Hot Springs has hot, steaming water that has been used for thousands of years, starting with the Native Americans. After the Louisiana Purchase, explorers were sent to find out what was on the land that we got in our purchase. Once the hot springs were discovered, the area was developed with a "wild west" type of atmosphere with people claiming land and charging for the privilege of using the hot water. Most of the town's early buildings were wood and we know what happens to those wooden buildings. Fire! 

The original town burned down in the late 1800s. When the town was rebuilt, the materials used were marble, iron, rock, and brick. The claims were that the new spas were as nice as the ones in Rome. A railroad was built to bring in the masses, the main road was landscaped and gentrified. And the masses came in droves to "take the waters," which had minerals that would supposedly cure just about anything that ailed you (which ended up not being true). 


Big murals on our way to the Visitor Center.
Big murals on our way to the Visitor Center.
A cute sculpture.
Buckstaff Bathhouse (where we're going tomorrow).
Ozark Bathhouse
Quapaw Baths
Quapaw Baths entry and dome.

National Park Visitor Center
(formerly Fordyce Bathhouse).
The stained glass is lovely!
About Fordyce Bathhouse
The Visitor Center was open when we arrived, and we started our time there on the main floor. A Park Ranger asked us to visit the upper two floors first because they were getting ready to close them. As soon as we finished the first floor, we headed to the third.

The comfortable lobby at The Fordyce.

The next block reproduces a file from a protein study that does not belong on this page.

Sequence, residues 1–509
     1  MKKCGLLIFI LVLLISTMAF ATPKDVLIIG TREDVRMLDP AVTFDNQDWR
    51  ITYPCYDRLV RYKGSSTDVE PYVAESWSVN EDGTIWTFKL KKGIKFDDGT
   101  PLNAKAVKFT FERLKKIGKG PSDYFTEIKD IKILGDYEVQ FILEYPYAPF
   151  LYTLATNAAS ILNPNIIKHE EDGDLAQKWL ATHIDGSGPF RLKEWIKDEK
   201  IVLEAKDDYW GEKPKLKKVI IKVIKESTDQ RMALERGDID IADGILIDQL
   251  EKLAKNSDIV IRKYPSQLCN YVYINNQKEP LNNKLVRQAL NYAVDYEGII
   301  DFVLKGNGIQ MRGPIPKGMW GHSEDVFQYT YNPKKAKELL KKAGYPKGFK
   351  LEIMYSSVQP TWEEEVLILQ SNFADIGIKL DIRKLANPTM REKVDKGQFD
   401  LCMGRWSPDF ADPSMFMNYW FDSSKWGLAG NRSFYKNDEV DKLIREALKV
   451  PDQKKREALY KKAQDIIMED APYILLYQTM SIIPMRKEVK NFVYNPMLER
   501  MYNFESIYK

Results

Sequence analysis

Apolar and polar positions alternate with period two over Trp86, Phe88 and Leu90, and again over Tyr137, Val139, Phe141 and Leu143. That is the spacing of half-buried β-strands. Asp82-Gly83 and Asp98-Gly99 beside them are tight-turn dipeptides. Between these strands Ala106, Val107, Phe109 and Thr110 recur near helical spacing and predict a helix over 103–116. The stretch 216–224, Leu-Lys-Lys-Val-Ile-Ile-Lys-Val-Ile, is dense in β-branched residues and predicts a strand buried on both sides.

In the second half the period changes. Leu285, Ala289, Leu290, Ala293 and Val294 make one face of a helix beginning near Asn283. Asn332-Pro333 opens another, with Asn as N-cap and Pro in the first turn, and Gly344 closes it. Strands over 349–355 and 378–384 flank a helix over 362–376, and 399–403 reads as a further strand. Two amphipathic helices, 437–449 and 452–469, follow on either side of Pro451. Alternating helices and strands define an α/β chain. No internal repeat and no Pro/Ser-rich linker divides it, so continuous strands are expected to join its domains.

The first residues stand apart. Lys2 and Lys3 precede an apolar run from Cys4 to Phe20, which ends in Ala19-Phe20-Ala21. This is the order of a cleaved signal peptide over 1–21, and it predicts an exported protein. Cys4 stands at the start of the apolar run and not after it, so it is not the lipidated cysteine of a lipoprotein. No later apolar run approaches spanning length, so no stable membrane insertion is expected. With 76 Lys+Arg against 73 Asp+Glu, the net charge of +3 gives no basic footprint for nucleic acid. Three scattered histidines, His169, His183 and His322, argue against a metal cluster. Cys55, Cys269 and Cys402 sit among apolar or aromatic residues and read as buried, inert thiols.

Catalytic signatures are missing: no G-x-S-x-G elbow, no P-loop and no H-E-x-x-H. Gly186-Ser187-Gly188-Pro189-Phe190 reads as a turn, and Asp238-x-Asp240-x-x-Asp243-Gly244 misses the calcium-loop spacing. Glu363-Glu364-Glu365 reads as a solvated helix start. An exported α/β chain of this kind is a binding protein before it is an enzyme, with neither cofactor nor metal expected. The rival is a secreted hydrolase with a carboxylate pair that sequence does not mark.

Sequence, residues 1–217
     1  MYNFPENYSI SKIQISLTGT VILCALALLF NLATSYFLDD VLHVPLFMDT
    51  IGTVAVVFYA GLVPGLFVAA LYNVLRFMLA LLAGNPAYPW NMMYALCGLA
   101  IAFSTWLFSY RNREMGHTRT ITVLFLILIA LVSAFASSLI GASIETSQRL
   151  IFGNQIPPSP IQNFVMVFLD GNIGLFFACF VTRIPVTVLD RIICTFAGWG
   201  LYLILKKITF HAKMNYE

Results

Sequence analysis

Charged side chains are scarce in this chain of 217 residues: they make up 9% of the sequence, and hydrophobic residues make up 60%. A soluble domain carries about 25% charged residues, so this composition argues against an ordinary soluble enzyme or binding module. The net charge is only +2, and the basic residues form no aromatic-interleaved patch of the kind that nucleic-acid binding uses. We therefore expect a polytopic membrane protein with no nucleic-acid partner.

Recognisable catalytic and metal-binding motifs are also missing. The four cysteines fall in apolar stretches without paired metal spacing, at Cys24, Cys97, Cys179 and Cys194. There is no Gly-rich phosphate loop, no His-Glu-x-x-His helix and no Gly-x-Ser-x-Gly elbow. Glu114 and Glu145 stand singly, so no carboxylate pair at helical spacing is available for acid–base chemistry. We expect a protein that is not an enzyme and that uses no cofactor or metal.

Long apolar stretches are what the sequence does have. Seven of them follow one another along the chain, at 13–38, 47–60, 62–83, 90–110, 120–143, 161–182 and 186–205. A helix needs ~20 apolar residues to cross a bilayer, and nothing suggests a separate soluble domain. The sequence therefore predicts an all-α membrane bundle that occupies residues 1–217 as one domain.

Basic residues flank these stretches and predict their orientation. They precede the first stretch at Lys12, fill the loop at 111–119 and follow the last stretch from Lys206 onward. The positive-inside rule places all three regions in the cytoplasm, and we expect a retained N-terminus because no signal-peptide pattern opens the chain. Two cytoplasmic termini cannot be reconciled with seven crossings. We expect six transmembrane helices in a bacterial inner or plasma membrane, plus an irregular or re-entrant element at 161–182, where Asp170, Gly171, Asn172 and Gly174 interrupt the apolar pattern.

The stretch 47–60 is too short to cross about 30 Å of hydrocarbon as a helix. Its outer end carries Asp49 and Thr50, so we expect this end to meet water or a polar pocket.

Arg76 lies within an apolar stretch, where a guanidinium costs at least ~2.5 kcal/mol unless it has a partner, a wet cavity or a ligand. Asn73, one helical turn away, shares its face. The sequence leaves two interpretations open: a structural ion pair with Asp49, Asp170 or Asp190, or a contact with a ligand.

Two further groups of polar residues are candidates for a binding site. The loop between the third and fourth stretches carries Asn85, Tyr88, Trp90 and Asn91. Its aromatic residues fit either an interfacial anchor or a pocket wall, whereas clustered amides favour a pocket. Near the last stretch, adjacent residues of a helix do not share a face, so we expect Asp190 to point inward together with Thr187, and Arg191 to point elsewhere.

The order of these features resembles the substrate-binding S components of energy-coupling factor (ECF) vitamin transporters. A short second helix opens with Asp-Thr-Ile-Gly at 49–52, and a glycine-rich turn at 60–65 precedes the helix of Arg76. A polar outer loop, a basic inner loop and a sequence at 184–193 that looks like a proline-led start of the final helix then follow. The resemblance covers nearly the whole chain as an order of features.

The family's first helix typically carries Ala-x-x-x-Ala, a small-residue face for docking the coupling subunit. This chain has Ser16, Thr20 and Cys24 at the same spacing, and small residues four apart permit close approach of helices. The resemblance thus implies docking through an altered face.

Steamers.
Needle-shower.
The mineral bath.

Ladies Pack Room
In pack rooms, attendants applied carefully timed moist packs to ailing body parts. The hot or cold packs were soaked in natural water. The procedure was considered very beneficial in certain ailments. Visitors usually went from the pack room to the needle-shower (to rinse off perspiration only) before entering the cooling room.


There are also lockers, a parlor room, beauty salon, massage rooms, and a gymnasium.
Gymnasium.
Stained glass in the ceiling.
Main Assembly Hall (women's parlor was at one end,
the men's parlor at the other end).
Women's Parlor
Men's Parlor
When we finished touring the upper floors, we went down to the basement. There, you can see the actual hot springs through a hole in the foundation.


The hot springs at The Fordyce.


There are very interesting and informative exhibits in the basement. If you haven't been, it's worth going!

After the Visitor Center closed, we wandered around town and found the Grand Promenade, The Arlington Hotel, the Hot Water Cascade, and more art and architecture.
We walked most of this loop.

Grand Promenade -- a beautiful walkway.

The water coming out of the drinking
fountain is HOT!
Water, water everywhere!
We stopped to get ice cream cones. With ice cream cones in hand, we discovered this adorable pocket park with a fountain in the back of it. Pretty lights decorated the trees.


Susan Medlin enjoying her ice cream.

Historic Baseball Trail.
Susan going all gangsta.
Such large, colorful murals in town.
The Arlington Hotel
Historic Baseball Trail.
Bar in the lobby of The Arlington Hotel.
Medical Arts Building.


Sideways strata.
Here's another interesting factoid: Hot Springs was Arkansas's temporary state capital in 1862!

The Hot Cascade
Hot Cascade and pool.
You can see how huge The Arlington Hotel is.
Looking down the Hot Cascade to the hot pool.

After our three-mile "wander" around Hot Springs National Park, we drove to the tower on top of the mountain. It was closed for the day. Supposedly, there are great views of the surrounding area and the town. We'll check it out tomorrow. 

[I would like to mention that there is not a Volksmarch in this town, but there should be. There is so much to see: so many gorgeous houses and buildings, extremely large abandoned buildings and some that are still being used. It would be great to learn about all this. I think it's a shame there isn't a Volksmarch here. Hint, hint.]


Tower Mountain.
With that, we hauled our exhausted selves back to our motel rooms and called it a night!